Ezra Klein claims that the Cone of Silence has dropped over any discussion of race:
...it's a tremendous indictment of our media that, given an opportunity, to push forward on that discussion, they made an affirmative decision to focus back in on the campaign. You wonder if Wolf Blitzer and Candy Crowley and all the rest got into journalism believing that, one day, they would decide to suppress a potentially historic and important conversation on race in order to talk about polling.
Well, then, it is a tremendous indictment of the Obama campaign as well - they made it clear on Wednesday that they had had their fill of this race talk; here is the NY Times:
Obama Works to Shift Campaign Back to Domestic Issues
By JEFF ZELENY
CHARLOTTE, N.C. — Senator Barack Obama on Wednesday tried to steer his campaign from a focus on race that had threatened to envelop his candidacy and back to the economy, war and a host of other concerns.
One day after delivering a major address about the racial divide, Mr. Obama barely mentioned the topic on his first campaign visit to North Carolina. From a foreign policy address in Fayetteville to a public forum here, Mr. Obama made just a passing reference to race, after a voter broached the subject.
Dare we say it? We are in or on the verge of a recession, folks are worried about keeping their jobs and their homes, and we are at war in Iraq. Maybe voters who are not intent on a conversation about race do not have misplaced priorities:
In interviews, North Carolina voters and party officials across the country said they hoped that race would not stay at the forefront of the nominating contest with Senator Hillary Rodham Clinton. But they also said they were wary that the issue remained potent.
...By design, advisers said, Mr. Obama had no immediate plans to revisit the themes of the speech, which bluntly confronted divisions between black and white and urged both races to understand each other’s anger, resentment and division.
Party officials in states with coming primaries said Wednesday that race was not what most Democratic voters wanted to discuss.
“People in our state are worried about their jobs and their health care and their mortgage,” said Dan Parker, the Indiana Democratic chairman, who is preparing for the most competitive primary since 1968. “Race? We don’t really want to talk about that.”
Let's hold off on indicting the media for a moment. Mr. Klein links to more laughs with this:
But read EJ Dionne today for some of the commentary that we should be hearing. He recalls that Martin Luther King Jr.'s preaching was also laced with anger towards White America, and towards much of American policy, but that these elements of his philosophy came out in black churches, not the public square.
Oh for heaven's sake - here is the inflammatory rhetoric presented by Mr. Dionne:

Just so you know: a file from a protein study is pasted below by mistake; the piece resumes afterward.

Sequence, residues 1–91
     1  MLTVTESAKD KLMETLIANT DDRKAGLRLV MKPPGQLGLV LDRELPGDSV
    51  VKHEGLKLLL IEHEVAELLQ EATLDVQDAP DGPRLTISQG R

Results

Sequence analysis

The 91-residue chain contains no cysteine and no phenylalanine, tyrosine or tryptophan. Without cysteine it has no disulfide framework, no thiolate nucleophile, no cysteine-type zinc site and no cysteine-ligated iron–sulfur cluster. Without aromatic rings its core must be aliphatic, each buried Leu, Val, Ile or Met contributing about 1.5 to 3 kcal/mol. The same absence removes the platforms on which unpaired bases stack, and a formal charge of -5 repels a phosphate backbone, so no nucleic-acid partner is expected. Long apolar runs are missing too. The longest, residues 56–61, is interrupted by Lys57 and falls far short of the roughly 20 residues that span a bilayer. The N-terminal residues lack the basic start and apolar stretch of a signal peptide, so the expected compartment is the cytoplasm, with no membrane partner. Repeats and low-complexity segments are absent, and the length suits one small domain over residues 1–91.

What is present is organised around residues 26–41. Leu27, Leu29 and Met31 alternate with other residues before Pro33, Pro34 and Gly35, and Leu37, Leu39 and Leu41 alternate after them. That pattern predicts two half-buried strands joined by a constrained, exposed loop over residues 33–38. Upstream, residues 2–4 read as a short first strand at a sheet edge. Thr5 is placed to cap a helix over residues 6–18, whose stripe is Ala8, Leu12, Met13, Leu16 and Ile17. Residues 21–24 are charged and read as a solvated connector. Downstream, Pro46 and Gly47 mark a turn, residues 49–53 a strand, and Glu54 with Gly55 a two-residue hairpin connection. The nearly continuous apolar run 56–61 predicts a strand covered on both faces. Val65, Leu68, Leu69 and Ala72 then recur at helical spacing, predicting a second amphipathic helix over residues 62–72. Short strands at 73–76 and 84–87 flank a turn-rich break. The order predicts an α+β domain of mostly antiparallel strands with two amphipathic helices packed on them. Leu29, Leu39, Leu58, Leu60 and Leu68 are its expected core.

Listen to what King said about the Vietnam War at his own Ebenezer Baptist Church in Atlanta on Feb. 4, 1968: "God didn't call America to engage in a senseless, unjust war. . . . And we are criminals in that war. We've committed more war crimes almost than any nation in the world, and I'm going to continue to say it. And we won't stop it because of our pride and our arrogance as a nation. But God has a way of even putting nations in their place." King then predicted this response from the Almighty: "And if you don't stop your reckless course, I'll rise up and break the backbone of your power."
Martin Luther King was opposed to the Vietnam war, and thought the United States was engaging in war crimes and would lose. My goodness, is that a race-based viewpoint? Is it a viewpoint well out of the political mainstream? Two years later Senator, Fool for Life and former Presidential nominee John Kerry would launch his political career on just such rhetoric.
For the sort of race-based hostility so over the top that it can only be found as a guest piece at the NY Times, try this, from the summer of 1967 - it is by Floyd McKissick, then head of the Congress of Racial Equality, one of the groups that organized the King "I Have A Dream" March on Washington. The title is a giveaway - "Why The Negro Must Rebel". McKissick calls for black rebellion and denounces the black leaders who speak out against rioting blacks:
Some so-called Negro leaders even have the audacity to join the man - by calling a liberation struggle a riot - his brothers hoodlums and criminals - and damning his brothers who seek to overthrow the yoke of oppression.
By comparison and in context, Martin Luther King sounds like a mainstream voice of moderation. If McKissick was being given a platform in the Times, folks other than Messrs. Klein and Dionne may be left wondering what was being said in more polarized venues.
MORE: The AIDS conspiracy theory has real, negative consequences, per these researchers and activists. Trinity United Church is fortunate to have a United States Senator sitting in their pews (intermittently) and listening to the sermons (when they are not incendiary).
What are the prospects for racial reconciliation when thirty percent of blacks think the US government is trying to kill them? So when does Barack take the lead on dispelling this myth? That is a story Mr. Klein could report on as part of the conversation.